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Reminiscence of Niagara.
( F rora the -Si'. Louis Globe Democrat. )
I remember when I was but a boy that a man got into the rapids here, having been curried down in a boat, which. was broken to pieces. He had the good for-' tune to be dashed on a rock, to which he dung. It was at the height of the. sea* son—August, if I recollect—and he clung there for fully 116 hours. Everybody streamed out of the hotels, and thgimis lago; the banks of the river, particularly the west aide, were thronged with people anxious to do something to save him. Dozens of plans were suggested ; some attempted, but they all failed. Thousands of dollars were offered to anybody who would rescue him. The desperate situation of the man had been telegraphed over the country, and every trainbrought crowds of passengers hither to witness it with their own eyes. He was then encouraged by shouts from the banks, but whether he could understand anything said it is doubtful. The world is said to be sympathetic. It is, pr.appears to be unsympathetic when the object for which sympathy is asked is abstract. When it is tangible, visible, all is changed.; , There was an exemplification. This poor wretch could be seen. He was an ordinary uneducated man ; but he was a man, and the brotherhood and sisterhood of hia race went out to him in pity, and intense eagerness to rescue him. Women of fashion, “blase” club men, selfish worldlings,, grew pale as they watched the unhappy wretch, so vivid was their sympathy. Many persons sat up all night looking, across the boiling, seething, roaring waterp at the small dark figure still clinging to the rock. The morning, came, renewed efforts were made, but they all miscarried. The crowd had increased; it was immense, Everybody was excited. Tears were inwomen’s eyes ; the palor gleamed through the rouge of some of their cheeks." Can't something be done? Must the poor fellow perish before our faces ? Is there no,; way to rescue him ? Such questions were incessantly asked; but alas; no reply, could be given. The man had good courage and great strength. He clung to the rock with the desperation of a dying soul. To lose his hold was to be dashed over the cataract. Appliances and contrivances ai rived from Buffalo. New experiments and new failures,! Hoarse shouts still rang across the rapids to hold on, .to be of good heart. The heart that ever tlu-obbed could not fri that rock forever. It was wonderft 1 ow he had endured. A fresh, idea had come to the minds of half a dozen mechanics. They were laboring to throw a hawser; every muscle was strained ; every eye was bent upon their work. Suddenly the man slipped away. He was exhausted; ho threw up his arms ; he dashed toward the cataract. A low groan its from one breast quaked through the throng ; the thousands shivered with terror. A black object for a moment longer in the hell of waters, and then disappeared for ever. No one moved; no < -no spoke for a while. All looked in the direction where the figure had been swallowed up. It was the enc hantment of terror; it was the chill of tragedy distinctly wrought which froze e very one - for it moment to the spot. The old" resident —he has lived heie forty yearssays that on an average about six personsare carried over the falls every year, and ; that four of the six are wholly or partially intoxicated and lose their lives by carelessness or recklessness in lowing above the rapids, going beyond the line of dan-, gur. But for liquor, not more than two lives, he says, would he lost annually.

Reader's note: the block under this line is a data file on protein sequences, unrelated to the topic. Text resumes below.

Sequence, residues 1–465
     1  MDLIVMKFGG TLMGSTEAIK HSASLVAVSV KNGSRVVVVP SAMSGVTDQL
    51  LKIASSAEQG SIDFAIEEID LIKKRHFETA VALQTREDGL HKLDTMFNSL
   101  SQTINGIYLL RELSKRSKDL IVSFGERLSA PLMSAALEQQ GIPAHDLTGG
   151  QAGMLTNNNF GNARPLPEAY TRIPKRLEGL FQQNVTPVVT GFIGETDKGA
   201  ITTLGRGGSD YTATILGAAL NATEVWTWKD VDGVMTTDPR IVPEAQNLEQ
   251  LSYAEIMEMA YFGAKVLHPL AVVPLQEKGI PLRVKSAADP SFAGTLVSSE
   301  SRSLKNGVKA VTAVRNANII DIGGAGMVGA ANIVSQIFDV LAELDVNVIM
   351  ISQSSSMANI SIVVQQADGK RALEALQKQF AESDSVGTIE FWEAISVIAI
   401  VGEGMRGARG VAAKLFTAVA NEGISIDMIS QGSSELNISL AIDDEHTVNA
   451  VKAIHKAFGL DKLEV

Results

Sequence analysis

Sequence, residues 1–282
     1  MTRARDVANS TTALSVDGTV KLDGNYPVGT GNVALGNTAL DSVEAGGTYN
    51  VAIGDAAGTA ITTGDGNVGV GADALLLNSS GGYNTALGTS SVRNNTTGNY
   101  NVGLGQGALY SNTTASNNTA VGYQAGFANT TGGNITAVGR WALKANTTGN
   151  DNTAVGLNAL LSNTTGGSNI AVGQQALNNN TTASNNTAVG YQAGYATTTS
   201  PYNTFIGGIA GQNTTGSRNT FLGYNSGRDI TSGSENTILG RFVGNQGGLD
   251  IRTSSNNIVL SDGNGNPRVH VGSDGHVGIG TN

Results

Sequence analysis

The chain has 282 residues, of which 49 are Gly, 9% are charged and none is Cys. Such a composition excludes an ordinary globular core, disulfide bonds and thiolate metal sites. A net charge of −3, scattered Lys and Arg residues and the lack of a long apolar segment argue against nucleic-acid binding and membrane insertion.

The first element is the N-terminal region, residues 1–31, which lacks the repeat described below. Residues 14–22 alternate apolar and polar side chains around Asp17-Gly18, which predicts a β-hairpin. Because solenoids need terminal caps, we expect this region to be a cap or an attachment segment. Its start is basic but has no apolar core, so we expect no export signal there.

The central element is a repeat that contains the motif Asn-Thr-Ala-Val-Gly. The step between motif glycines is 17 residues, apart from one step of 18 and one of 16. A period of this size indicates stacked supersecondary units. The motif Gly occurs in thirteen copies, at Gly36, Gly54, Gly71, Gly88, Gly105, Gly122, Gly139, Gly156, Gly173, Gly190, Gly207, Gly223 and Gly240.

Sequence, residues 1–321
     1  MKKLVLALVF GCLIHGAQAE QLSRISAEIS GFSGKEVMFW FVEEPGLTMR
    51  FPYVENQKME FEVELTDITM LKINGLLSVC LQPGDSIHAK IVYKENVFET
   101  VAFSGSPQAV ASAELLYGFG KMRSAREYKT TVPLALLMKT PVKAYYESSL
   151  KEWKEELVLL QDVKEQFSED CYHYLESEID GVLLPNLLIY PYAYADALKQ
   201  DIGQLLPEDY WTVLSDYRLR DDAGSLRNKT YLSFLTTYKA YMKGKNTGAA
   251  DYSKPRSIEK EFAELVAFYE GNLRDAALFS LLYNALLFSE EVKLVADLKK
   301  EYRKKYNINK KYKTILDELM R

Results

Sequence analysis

A RfIFUGB I'Oll TUI! UNFORTUNATE. The Aimed Constabulary seems to be a sort of Cave of Adullam for unfortunates., A William Robert Christie, described by! the Wellington papers as a “ gentleman," was had up for vagrancy. The R.M. said" he had made inquiries, and found that it was simply misfortune that had placed 1 prisoner in the position lie then occupied;'; The R.M. interested him Self iii the mattetl and found a place for the gentleman “ilk extremis'’ in the Armed Constabulary. 35
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